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I'm a scientist who also does programming. The way I've always done it with my colleagues is this: If the success of your project depends upon my computer code, then I'm a co-author on your FIRST journal paper. After that, if you're just re-using the same code, then I just get an acknowledgement. But if I have to do significant re-coding (not just bug ...


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I'd leave the capital letter in. Seems less problematic to have a capital letter than to have that bracket monstrosity: They published a “manifesto” proclaiming “All are welcome to walk through our doors and speak." Just a suggestion. Style should be about helping readers, not creating symbolically correct code.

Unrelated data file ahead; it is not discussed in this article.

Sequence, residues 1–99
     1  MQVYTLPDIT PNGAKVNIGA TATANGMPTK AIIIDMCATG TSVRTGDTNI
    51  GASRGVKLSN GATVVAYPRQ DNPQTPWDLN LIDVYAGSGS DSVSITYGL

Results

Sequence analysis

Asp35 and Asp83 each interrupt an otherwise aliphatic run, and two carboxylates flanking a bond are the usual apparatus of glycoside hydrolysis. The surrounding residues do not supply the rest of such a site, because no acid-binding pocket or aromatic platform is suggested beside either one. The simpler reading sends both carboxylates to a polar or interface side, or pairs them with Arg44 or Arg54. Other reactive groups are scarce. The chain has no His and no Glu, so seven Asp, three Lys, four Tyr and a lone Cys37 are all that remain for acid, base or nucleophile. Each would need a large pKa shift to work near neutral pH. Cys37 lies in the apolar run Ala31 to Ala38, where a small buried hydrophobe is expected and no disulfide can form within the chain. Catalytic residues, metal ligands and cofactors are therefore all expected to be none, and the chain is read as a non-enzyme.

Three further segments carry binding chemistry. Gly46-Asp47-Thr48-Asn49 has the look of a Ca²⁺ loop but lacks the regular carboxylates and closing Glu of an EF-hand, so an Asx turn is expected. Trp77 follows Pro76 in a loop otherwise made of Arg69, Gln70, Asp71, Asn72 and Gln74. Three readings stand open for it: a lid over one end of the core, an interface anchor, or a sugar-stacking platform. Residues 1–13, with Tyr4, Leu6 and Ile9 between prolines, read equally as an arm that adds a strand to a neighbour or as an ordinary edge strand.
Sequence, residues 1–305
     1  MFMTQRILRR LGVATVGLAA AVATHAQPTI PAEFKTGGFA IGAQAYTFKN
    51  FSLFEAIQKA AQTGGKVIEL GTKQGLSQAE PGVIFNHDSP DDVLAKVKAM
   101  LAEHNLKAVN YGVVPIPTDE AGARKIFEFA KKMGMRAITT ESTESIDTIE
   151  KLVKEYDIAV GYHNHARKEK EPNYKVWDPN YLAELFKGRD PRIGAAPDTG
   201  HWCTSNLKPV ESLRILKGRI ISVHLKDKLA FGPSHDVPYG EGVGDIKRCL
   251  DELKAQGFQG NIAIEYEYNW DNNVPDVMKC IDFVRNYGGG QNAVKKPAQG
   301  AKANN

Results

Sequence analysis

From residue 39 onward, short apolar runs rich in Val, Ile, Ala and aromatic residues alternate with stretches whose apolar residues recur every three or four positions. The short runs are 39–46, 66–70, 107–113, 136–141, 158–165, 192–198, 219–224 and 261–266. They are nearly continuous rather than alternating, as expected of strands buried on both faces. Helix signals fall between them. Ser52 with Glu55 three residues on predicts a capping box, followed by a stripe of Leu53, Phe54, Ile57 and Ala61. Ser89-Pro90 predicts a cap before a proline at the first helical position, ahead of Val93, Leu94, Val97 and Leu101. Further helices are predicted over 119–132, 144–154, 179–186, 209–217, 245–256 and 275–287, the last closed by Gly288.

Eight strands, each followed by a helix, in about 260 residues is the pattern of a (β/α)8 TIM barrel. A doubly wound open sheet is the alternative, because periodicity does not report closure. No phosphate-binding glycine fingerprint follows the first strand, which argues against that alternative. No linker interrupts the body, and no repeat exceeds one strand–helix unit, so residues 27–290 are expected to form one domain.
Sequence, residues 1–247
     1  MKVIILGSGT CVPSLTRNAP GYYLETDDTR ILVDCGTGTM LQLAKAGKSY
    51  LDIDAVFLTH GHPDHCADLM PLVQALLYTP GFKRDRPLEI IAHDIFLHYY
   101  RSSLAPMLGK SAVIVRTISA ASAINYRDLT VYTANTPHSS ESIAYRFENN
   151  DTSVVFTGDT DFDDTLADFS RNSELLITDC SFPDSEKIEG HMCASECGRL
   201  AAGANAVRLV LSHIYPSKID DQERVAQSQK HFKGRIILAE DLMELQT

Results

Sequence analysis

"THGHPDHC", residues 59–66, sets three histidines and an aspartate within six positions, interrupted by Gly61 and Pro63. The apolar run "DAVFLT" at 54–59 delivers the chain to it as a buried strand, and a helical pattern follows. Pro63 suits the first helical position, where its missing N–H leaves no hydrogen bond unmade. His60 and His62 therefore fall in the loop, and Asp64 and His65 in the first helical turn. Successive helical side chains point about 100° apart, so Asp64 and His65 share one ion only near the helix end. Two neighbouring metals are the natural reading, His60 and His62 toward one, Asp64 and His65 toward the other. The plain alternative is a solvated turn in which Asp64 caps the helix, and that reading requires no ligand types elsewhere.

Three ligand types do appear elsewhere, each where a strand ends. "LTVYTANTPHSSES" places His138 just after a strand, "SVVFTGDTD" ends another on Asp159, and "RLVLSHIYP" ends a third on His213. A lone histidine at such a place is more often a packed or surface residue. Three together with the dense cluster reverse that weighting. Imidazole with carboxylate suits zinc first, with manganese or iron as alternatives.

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When using the MLA guideline and quoting a text, if you are introducing any modifications into the quotation, mark the same by placing square brackets [ ] at the appropriate spot. For example (adapted from here) Original quotation: "Reading is also a process and it also changes you." 1) Margaret Atwood wants her readers to realize that ...


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You are correct, "performance" is ambiguous. You could simply say: the algorithm is faster (than the old one) but you probably want to indicate by how much its speed has increased: the new algorithm is n% faster than the reference version. If you have more than one number (n% for problems of class X, m% for problems of class Y), you should ...


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I can't comment. Sorry about this, I had a question, but... I'll have to make it into an answer. It sounds like you want to use Big O notation, which is helpful when talking about algorithmic efficiency. In which case, Big O Notation might be the best bet for you right now. I was going to comment to ask if your problem could be solved with this, but just in ...



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